Authorities plan to drive motorway through UNESCO Biosphere Reserve
A GROUP of expatriates have criticised a plan to build a dual carriageway through the Aracena Natural Park.
The group – that includes novelist Robin Pilcher and Lady Victoria Leatham – are demanding a rapid stop to the proposed motorway scheme that could damage the fragile ecosystem of the UNESCO-protected Biosphere Reserve.
The Via Rapida N-433 would carve through virgin territory altering the course of rivers, destroying ancient drovers paths and endangering the habitats of many species.
These include Eagle Owls, Red Kites, a lizard called the Galapago Leproso, and a rare fish called a Colmilleja, both in danger of extinction.
But the four-lane highway, fenced with tunnels for fauna, would also affect the livelihoods of hundreds of local landowners and businesses.
Celebrated villages such as Fuenteheridos, Linares de la Sierra, Zufre and Los Marines would be affected losing chestnut plantations and fruit orchards.
Hotel owner Sam Chesterton, who has lived with his wife Jeannie, near Los Marines for two decades, is furious that the plan has only been announced three weeks before the deadline for complaints.
He said: “A whole lot of people, both local and foreign will have their patrimony wrecked, lose their orchards and farms, and in the slightest cases be faced with viaducts and unsightly cuttings.”
Chesterton, whose award-winning rural hotel Buen Vino stands to lose a chunk of land from the plans, added: “The main problem will be the noise and the constant whizz of traffic from Sevilla to Lisbon….once these roads are built they tend to fill up, which is the whole point of them.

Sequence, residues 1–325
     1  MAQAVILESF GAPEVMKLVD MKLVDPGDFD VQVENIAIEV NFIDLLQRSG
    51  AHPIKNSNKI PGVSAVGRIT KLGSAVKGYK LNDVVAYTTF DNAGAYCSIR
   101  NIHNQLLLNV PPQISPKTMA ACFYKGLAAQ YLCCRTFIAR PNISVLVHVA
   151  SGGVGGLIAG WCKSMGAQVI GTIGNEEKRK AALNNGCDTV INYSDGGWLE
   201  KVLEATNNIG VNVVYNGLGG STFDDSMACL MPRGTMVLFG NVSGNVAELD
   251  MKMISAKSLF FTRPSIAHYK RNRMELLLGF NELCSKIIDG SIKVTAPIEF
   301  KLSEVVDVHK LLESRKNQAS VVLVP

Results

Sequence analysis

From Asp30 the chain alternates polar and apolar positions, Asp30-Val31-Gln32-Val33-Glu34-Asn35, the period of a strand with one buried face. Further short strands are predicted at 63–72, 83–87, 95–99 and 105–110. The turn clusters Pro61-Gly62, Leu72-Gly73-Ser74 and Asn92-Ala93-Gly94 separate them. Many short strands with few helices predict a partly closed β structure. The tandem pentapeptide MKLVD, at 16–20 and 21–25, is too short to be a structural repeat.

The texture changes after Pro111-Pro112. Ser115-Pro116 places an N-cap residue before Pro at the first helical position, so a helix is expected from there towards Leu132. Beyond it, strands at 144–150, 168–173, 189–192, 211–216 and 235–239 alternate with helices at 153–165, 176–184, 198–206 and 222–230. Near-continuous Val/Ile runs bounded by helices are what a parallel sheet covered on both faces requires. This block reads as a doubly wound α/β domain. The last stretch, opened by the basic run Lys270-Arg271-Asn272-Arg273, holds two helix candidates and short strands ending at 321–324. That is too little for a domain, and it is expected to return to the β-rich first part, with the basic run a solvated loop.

“A less expensive and damaging solution would be to put it south of the park through the area known as the cuenca minera which has already been disfigured by mining.”
The Londoner has now helped to set up a protest group Plataforma Sierra Viva to fight the plan. A petition has been launched, while Green group Ecologistas en Accion has already put in a series of allegations.
Among the concerns are the source of the Odiel river, an ancient chapel and drovers paths as well as numerous smallholdings, which for centuries have been the trademark of the area.
The area was declared a UNESCO Biosphere Reserve in 2002 and became a Natural Park in 1989.
It counts thousands of organic producers and is celebrated for its famous network of walking paths.
Walking expert Guy Hunter-Watts, who has written a number of books on Andalucia, says: “There are few areas which offer more attractive walking that Aracena.”
It is famous around the world for its jamon iberico, in particular from the village of Jabugo, which is said to produce the best ham in the world.
Chesterton continued: “The whole thing was sprung onto an unsuspecting public about a week ago. The plan was drawn up in May 2008 so we must assume some collusion in the matter from the town hall and park authority.
“You would imagine that in a western democracy, which Spain pretends to be, that those who are about to lose their homes, or have a road flying past their window would be alerted by registered letter….not by an anxious telephone call from a friend who heard it from another friend in the local town hall. And just three weeks before the deadline for presenting complaints.”